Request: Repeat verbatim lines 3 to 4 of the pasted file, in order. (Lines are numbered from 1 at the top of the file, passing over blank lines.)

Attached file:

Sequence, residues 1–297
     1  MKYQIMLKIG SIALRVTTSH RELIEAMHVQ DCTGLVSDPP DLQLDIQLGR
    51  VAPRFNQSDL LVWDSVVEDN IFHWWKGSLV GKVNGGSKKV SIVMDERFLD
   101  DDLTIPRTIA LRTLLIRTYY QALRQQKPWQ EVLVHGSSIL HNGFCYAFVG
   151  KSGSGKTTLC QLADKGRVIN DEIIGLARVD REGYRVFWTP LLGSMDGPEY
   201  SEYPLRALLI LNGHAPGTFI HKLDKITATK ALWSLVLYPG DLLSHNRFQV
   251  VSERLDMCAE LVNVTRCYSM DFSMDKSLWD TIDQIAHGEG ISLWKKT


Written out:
    51  VAPRFNQSDL LVWDSVVEDN IFHWWKGSLV GKVNGGSKKV SIVMDERFLD
   101  DDLTIPRTIA LRTLLIRTYY QALRQQKPWQ EVLVHGSSIL HNGFCYAFVG